John 20:1-18 (cf. Mt. 28:1-10, Mk. 6:1-11, Lk. 23:54-24:10) On the first day of the week, Mary of Magdala came to the tomb early in the morning. . . . She turned around and saw Jesus there, but did not know it was Jesus . . . Jesus said to her, “Mary!” She turned and said to him in Hebrew, “Rabboni,” which means Teacher.
 Tertullian, On Modesty. Chapter XI (208 A.D. or later).
 St. Jerome, Against Jovinianus, Bk. II, no. 29 (393 A.D.) and Letter XII, To Antony, footnote 5 (374 A.D.).
 St. Augustine, The Harmony of the Gospels. Chapter LXXIX.
 Paschius of Dumium, Questions and Answers of the Greek Fathers. Chapter 44, no. 4.
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Subsequent history of St. Mary Magdalen
According to an ancient tradition, Mary, Lazarus, and some companions came to Marseilles and converted the whole of Provence. Magdalen is said to have retired to a hill, La Sainte-Baume, near by, where she gave herself up to a life of penance for thirty years. When the time of her death arrived she received the viaticum; her body was then laid in an oratory constructed by St. Maximinus at Villa Lata, afterwards called St. Maximin.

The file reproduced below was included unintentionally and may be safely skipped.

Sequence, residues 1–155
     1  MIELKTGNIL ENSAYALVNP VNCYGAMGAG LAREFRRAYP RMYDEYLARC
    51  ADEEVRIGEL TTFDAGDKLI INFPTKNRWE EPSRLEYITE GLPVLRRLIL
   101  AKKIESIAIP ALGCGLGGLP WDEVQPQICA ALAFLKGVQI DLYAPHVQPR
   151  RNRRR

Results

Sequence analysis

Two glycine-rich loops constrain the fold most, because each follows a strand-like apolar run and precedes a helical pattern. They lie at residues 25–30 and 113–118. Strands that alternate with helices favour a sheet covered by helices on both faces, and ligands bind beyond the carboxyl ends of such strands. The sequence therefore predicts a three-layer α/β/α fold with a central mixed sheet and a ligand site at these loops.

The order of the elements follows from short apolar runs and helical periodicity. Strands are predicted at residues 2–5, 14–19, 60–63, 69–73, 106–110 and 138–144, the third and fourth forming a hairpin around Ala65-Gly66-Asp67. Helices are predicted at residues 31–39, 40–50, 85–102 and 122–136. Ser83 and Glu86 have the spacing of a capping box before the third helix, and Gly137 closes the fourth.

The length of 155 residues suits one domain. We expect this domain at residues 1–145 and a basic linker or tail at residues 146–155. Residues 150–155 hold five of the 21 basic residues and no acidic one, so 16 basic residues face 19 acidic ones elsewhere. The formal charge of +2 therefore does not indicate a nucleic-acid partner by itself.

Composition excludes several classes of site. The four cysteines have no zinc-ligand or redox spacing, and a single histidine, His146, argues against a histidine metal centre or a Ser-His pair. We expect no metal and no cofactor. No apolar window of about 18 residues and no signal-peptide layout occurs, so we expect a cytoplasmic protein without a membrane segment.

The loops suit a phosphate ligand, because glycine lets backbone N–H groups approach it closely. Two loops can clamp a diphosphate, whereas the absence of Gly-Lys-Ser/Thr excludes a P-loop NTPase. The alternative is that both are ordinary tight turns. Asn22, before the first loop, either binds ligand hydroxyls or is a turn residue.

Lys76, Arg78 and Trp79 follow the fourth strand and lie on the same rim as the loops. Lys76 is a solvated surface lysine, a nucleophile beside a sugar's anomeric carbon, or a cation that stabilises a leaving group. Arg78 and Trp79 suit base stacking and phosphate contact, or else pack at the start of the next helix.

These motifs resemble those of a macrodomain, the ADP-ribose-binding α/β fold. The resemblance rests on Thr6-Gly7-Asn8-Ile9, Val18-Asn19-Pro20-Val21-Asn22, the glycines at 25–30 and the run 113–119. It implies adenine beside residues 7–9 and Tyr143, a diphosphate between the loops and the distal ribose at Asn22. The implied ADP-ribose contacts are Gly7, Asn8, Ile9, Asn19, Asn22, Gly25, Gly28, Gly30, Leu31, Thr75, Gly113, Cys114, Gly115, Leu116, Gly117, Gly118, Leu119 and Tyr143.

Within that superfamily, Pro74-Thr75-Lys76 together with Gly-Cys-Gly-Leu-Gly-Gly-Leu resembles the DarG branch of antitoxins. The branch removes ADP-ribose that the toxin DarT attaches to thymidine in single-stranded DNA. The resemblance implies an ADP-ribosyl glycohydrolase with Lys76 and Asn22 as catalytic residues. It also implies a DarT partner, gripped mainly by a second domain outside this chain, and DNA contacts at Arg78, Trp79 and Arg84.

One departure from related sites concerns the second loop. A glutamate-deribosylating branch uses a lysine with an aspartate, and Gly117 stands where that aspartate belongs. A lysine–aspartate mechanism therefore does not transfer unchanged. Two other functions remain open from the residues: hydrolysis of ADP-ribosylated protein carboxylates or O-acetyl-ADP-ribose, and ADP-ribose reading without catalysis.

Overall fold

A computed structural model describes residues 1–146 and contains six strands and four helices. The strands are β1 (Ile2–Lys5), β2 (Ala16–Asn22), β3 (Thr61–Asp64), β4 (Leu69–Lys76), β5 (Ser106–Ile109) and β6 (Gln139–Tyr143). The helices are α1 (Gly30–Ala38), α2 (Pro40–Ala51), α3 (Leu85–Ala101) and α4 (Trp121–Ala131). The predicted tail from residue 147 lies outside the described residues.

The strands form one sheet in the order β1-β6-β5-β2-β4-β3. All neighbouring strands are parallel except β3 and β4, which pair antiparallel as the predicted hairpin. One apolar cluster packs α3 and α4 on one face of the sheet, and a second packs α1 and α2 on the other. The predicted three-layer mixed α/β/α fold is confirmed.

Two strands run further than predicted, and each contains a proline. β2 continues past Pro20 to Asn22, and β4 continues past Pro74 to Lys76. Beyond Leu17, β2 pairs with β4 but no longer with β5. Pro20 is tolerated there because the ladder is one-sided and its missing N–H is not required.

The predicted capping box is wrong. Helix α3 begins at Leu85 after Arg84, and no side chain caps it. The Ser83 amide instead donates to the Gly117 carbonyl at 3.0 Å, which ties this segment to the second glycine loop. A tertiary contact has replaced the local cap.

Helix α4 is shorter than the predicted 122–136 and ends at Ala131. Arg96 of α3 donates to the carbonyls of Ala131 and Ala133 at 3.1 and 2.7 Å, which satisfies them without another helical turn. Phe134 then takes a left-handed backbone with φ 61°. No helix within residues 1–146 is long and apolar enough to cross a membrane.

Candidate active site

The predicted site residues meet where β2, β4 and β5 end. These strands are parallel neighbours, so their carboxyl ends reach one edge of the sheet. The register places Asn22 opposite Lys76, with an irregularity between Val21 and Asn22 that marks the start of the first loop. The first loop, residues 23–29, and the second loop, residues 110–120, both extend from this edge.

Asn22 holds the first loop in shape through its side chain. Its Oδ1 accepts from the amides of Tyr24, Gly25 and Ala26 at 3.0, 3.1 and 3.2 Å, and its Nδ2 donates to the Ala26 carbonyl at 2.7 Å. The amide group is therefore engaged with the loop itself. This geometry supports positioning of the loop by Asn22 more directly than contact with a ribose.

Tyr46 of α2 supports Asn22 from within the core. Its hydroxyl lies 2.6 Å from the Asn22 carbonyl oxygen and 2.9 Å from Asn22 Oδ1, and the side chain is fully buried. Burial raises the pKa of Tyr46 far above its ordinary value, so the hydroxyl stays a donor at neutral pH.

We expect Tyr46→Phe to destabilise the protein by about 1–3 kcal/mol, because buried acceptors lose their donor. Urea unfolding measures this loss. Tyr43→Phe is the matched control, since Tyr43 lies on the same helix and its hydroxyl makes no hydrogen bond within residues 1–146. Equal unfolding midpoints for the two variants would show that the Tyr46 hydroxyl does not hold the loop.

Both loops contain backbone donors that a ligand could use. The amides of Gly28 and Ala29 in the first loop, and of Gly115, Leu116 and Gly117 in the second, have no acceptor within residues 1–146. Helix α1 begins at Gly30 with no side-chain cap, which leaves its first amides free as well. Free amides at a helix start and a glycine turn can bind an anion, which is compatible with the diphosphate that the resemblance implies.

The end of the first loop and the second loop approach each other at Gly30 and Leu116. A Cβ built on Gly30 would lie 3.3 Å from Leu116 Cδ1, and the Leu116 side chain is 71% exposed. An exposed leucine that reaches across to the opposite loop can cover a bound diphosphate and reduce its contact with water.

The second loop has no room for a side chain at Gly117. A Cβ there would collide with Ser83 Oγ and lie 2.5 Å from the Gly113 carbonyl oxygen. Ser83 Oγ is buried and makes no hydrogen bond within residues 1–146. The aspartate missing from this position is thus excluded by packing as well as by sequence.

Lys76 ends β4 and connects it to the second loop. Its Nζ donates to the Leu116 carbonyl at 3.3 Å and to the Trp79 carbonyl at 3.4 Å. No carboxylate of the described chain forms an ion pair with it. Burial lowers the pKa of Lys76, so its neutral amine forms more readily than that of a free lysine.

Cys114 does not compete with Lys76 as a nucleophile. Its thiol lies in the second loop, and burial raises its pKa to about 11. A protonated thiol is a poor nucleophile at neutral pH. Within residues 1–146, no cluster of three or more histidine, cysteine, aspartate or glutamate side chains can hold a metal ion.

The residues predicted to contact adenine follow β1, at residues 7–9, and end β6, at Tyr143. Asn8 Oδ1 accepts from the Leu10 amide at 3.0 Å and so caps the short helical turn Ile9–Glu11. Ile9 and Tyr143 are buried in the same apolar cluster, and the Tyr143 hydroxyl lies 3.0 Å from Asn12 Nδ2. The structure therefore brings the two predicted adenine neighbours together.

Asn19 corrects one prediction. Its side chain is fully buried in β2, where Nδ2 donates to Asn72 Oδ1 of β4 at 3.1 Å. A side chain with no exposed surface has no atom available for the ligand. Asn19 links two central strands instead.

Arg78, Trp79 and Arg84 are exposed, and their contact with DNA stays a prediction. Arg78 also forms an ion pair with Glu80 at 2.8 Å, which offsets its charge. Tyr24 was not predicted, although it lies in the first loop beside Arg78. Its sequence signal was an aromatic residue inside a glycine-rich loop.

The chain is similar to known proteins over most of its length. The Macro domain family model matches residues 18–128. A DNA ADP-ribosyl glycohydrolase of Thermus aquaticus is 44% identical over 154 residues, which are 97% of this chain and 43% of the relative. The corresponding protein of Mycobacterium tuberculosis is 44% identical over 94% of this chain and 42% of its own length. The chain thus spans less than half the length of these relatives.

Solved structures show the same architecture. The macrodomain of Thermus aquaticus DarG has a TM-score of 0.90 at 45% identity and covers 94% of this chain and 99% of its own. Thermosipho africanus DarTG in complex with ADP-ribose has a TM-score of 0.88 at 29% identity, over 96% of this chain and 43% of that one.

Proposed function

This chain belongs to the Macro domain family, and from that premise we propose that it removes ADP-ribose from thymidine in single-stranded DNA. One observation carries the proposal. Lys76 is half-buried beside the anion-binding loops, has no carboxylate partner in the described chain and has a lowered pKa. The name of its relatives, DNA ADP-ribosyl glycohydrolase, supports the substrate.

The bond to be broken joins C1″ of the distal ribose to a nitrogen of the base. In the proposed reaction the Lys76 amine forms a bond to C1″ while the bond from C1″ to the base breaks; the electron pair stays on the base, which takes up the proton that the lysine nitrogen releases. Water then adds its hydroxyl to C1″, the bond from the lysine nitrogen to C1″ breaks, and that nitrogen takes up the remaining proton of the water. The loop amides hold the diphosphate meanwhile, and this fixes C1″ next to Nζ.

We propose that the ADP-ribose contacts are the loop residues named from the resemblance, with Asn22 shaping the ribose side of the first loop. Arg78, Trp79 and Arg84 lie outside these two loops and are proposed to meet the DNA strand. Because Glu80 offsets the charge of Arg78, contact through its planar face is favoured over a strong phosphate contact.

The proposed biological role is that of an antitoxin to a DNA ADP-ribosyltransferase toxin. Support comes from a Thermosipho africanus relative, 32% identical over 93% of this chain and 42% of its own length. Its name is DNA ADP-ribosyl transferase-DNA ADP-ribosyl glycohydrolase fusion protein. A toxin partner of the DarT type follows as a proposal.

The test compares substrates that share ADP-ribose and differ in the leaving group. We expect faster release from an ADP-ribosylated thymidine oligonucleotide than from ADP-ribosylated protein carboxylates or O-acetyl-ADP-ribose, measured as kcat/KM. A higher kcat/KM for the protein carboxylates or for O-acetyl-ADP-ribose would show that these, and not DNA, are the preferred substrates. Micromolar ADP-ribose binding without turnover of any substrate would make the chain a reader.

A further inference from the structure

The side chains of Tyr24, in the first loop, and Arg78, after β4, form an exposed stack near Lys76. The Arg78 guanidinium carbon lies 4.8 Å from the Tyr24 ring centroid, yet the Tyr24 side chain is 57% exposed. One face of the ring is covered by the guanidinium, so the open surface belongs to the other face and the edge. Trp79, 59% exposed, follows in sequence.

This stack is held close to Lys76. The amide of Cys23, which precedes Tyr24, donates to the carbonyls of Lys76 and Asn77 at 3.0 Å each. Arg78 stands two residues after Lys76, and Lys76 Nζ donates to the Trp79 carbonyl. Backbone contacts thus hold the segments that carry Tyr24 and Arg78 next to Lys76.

History is silent about these relics till 745, when according to the chronicler Sigebert, they were removed to Vézelay through fear of the Saracens. No record is preserved of their return, but in 1279, when Charles II, King of Naples, erected a convent at La Sainte-Baume for the Dominicans, the shrine was found intact, with an inscription stating why they were hidden. In 1600 the relics were placed in a sarcophagus sent by Clement VIII, the head being placed in a separate vessel. In 1814 the church of La Sainte-Baume, wrecked during the Revolution, was restored, and in 1822 the grotto was consecrated afresh. The head of the saint now lies there, where it has lain so long, and where it has been the centre of so many pilgrimages.